Book Image

Test-Driven Python Development

By : Siddharta Govindaraj
Book Image

Test-Driven Python Development

By: Siddharta Govindaraj

Overview of this book

This book starts with a look at the test-driven development process, and how it is different from the traditional way of writing code. All the concepts are presented in the context of a real application that is developed in a step-by-step manner over the course of the book. While exploring the common types of smelly code, we will go back into our example project and clean up the smells that we find. Additionally, we will use mocking to implement the parts of our example project that depend on other systems. Towards the end of the book, we'll take a look at the most common patterns and anti-patterns associated with test-driven development, including integration of test results into the development process.
Table of Contents (20 chapters)
Test-Driven Python Development
About the Author
About the Reviewers

Tests are executable requirements

In the first test, we wrote a very simple test that checked whether a new Stock class has its price attribute initialized to None. We can now think about what requirement we want to implement next.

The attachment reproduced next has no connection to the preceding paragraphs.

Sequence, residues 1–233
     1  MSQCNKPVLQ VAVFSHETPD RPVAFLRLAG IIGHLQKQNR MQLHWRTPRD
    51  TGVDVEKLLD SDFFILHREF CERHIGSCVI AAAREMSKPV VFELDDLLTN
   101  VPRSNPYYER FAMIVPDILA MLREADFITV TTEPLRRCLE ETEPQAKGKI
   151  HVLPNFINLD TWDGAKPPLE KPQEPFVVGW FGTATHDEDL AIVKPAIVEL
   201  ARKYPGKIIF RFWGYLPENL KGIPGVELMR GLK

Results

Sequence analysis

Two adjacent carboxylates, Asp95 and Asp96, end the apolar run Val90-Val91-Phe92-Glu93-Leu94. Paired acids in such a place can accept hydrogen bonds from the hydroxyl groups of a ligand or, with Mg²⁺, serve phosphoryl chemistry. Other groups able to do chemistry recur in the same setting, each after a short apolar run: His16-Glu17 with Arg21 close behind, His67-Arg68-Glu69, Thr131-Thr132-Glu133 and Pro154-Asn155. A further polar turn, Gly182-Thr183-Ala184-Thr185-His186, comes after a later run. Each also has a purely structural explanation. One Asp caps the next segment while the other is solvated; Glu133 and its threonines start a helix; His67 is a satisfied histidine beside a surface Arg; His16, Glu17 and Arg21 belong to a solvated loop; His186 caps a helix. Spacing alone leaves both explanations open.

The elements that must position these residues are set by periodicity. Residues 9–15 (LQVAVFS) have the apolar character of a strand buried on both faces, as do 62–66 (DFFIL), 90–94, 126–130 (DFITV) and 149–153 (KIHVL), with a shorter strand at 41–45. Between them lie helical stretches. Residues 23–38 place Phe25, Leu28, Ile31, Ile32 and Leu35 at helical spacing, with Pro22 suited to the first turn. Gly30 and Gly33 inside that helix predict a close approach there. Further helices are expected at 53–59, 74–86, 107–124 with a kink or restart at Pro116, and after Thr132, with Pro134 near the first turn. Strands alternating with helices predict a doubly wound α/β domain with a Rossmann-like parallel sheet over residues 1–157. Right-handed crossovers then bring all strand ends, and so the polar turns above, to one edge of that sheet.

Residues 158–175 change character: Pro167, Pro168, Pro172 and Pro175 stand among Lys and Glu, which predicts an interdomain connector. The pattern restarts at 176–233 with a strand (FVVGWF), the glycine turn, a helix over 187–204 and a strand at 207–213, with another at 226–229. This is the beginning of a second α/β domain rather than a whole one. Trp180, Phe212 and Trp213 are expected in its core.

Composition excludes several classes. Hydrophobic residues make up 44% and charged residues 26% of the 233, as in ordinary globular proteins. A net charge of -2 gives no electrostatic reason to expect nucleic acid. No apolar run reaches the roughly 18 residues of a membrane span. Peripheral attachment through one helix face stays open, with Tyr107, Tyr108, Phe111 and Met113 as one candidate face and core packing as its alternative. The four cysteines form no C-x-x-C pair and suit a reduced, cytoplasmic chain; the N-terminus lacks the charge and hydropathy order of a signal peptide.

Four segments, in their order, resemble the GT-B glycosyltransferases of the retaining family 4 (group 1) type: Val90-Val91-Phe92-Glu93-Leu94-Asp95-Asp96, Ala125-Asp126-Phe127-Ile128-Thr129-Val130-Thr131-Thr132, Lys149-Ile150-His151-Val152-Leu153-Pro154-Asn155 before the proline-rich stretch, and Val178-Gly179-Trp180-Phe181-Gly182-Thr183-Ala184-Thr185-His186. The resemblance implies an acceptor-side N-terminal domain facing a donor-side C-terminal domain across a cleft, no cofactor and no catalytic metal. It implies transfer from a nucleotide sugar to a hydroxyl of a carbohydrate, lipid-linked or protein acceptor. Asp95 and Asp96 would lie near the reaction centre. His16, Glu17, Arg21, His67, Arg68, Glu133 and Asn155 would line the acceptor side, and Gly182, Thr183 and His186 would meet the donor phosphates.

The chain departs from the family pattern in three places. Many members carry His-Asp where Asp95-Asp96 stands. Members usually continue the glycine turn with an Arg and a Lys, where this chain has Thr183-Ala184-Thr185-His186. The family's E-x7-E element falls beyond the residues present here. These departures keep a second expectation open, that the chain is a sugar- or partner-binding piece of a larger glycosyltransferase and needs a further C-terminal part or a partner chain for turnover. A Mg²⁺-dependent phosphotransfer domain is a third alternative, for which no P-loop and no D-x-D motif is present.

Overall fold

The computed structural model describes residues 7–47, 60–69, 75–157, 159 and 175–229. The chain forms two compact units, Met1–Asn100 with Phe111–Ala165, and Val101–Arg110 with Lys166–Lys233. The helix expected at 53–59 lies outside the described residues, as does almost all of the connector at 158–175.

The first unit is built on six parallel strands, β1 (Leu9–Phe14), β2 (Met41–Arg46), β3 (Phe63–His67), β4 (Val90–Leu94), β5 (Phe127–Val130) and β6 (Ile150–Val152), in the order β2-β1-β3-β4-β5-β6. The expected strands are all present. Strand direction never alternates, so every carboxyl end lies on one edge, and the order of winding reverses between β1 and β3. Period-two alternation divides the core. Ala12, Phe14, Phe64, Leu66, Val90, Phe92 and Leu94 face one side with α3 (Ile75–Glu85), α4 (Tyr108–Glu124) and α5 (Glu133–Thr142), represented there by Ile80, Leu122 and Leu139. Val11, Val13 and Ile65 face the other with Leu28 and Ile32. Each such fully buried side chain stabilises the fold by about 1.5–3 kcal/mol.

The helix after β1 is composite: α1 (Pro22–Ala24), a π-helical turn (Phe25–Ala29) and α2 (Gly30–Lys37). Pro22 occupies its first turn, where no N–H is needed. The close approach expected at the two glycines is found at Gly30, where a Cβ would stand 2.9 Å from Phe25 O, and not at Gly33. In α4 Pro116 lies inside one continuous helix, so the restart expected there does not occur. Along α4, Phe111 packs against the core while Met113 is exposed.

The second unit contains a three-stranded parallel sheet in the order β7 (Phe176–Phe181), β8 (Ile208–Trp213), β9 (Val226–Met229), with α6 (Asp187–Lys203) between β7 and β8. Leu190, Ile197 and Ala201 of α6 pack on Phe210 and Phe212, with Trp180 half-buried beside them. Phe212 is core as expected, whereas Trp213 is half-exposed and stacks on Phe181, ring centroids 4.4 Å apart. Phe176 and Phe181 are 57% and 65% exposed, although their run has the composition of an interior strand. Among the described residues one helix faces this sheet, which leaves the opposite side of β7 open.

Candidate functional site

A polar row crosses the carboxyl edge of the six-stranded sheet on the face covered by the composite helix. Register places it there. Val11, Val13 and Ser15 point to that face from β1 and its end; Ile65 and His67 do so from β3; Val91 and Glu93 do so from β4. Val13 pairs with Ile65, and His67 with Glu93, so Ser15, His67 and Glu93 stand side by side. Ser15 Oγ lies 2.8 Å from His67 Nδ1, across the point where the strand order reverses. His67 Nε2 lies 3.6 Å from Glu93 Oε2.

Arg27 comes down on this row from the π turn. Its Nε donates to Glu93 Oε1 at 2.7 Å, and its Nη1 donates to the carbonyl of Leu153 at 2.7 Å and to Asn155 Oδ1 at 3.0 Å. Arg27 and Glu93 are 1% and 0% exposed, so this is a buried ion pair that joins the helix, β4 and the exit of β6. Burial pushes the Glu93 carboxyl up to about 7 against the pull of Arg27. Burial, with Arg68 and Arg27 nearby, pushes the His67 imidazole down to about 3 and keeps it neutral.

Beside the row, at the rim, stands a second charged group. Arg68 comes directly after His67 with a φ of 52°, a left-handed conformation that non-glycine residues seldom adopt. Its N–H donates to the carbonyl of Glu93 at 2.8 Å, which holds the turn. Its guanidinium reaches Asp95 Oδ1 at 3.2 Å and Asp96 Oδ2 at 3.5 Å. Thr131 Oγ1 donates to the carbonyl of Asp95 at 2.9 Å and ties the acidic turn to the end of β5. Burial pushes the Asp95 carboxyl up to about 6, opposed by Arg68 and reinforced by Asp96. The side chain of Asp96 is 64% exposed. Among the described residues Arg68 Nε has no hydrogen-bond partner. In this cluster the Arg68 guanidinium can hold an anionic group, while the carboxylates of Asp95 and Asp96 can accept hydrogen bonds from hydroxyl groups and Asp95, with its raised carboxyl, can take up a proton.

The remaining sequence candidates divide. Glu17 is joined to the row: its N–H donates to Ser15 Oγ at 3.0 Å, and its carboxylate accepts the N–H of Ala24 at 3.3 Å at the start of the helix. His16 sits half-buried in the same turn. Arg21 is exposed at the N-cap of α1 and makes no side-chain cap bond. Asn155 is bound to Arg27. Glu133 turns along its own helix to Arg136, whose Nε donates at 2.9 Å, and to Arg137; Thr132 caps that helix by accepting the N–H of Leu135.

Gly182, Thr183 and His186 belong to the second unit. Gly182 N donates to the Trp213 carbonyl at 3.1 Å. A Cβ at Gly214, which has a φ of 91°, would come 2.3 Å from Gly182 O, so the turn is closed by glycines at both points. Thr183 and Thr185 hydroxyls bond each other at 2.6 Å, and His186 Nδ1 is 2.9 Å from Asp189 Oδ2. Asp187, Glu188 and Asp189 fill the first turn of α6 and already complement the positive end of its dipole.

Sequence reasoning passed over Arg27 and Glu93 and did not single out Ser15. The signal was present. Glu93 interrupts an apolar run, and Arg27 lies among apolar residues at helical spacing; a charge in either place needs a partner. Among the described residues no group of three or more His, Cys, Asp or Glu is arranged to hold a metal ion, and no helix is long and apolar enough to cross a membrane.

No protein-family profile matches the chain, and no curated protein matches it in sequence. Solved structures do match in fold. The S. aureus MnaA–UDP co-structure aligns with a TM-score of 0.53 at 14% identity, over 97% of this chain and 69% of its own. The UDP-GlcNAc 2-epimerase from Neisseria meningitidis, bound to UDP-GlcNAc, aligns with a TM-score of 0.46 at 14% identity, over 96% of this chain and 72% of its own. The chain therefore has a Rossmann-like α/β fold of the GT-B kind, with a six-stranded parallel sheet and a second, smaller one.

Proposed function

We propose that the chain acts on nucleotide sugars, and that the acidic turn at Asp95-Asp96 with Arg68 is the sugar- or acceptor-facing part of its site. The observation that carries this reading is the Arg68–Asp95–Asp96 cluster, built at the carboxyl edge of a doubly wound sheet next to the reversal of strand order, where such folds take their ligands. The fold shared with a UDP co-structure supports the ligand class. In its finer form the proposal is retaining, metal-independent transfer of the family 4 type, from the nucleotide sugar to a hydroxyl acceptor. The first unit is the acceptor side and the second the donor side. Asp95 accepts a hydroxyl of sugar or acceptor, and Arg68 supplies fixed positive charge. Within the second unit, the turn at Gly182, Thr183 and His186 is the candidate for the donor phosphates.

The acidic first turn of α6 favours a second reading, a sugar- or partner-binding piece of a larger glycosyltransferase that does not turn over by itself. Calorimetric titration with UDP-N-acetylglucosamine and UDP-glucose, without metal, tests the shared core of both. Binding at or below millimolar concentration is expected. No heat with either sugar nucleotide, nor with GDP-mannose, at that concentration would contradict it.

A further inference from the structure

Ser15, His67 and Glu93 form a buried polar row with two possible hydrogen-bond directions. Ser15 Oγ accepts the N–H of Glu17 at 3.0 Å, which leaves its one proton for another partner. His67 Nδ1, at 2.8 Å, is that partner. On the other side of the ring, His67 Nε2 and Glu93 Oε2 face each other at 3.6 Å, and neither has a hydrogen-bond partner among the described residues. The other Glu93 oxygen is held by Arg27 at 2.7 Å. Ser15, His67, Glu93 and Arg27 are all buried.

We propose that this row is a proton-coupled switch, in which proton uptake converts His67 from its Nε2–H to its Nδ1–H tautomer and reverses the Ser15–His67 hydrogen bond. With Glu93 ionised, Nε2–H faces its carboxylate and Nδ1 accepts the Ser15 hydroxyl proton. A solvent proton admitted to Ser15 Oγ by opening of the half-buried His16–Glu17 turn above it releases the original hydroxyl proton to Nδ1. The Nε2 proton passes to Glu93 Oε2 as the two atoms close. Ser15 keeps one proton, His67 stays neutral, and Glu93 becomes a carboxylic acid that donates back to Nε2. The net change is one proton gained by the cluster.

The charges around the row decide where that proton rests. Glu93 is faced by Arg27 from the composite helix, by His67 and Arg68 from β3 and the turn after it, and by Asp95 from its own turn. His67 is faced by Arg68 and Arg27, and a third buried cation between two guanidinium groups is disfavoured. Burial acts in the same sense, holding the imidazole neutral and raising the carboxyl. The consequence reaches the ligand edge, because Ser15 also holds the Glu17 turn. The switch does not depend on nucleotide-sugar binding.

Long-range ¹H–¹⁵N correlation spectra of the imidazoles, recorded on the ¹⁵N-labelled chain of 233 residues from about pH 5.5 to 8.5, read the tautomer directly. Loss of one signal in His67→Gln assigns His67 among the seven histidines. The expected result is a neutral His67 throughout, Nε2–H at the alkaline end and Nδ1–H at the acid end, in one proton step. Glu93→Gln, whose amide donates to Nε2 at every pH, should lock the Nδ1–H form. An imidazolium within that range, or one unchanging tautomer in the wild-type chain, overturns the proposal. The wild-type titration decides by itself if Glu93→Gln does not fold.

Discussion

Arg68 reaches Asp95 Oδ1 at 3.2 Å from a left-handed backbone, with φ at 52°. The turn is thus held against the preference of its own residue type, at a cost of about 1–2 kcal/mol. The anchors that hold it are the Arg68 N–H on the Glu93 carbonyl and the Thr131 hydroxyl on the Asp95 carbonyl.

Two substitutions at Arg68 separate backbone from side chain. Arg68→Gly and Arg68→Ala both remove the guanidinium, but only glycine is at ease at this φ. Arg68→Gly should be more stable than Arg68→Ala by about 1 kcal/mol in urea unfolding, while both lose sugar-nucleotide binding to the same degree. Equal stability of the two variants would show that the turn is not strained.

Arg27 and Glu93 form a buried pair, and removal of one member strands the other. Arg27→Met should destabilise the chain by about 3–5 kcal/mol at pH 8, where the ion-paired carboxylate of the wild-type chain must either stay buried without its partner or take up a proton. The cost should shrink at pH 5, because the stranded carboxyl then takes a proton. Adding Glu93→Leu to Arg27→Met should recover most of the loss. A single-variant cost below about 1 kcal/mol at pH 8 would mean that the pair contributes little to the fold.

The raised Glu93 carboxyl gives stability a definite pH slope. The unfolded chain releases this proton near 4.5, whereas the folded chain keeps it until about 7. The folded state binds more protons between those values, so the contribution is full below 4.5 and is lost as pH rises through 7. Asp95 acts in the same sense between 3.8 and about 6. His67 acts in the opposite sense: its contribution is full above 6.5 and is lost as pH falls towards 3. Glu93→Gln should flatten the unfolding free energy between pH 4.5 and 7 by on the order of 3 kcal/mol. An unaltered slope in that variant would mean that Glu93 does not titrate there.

An observant reader might have caught on to the terminology used in the previous sentence, where I said that we can think about the requirement to implement next, instead of saying that we can think about the test to write next. Both statements are equivalent, because in TDD, tests are nothing but requirements. Each time we write a test and implement code to make it pass, what we actually do is make the code meet some requirement. Looking at it another way, tests are just executable requirement specifications. Requirement documentation often goes out of sync with what is actually implemented, but this is impossible with tests, because the moment they go out of sync, the test will fail.

In the previous chapter, we said that the Stock class will be used to hold price...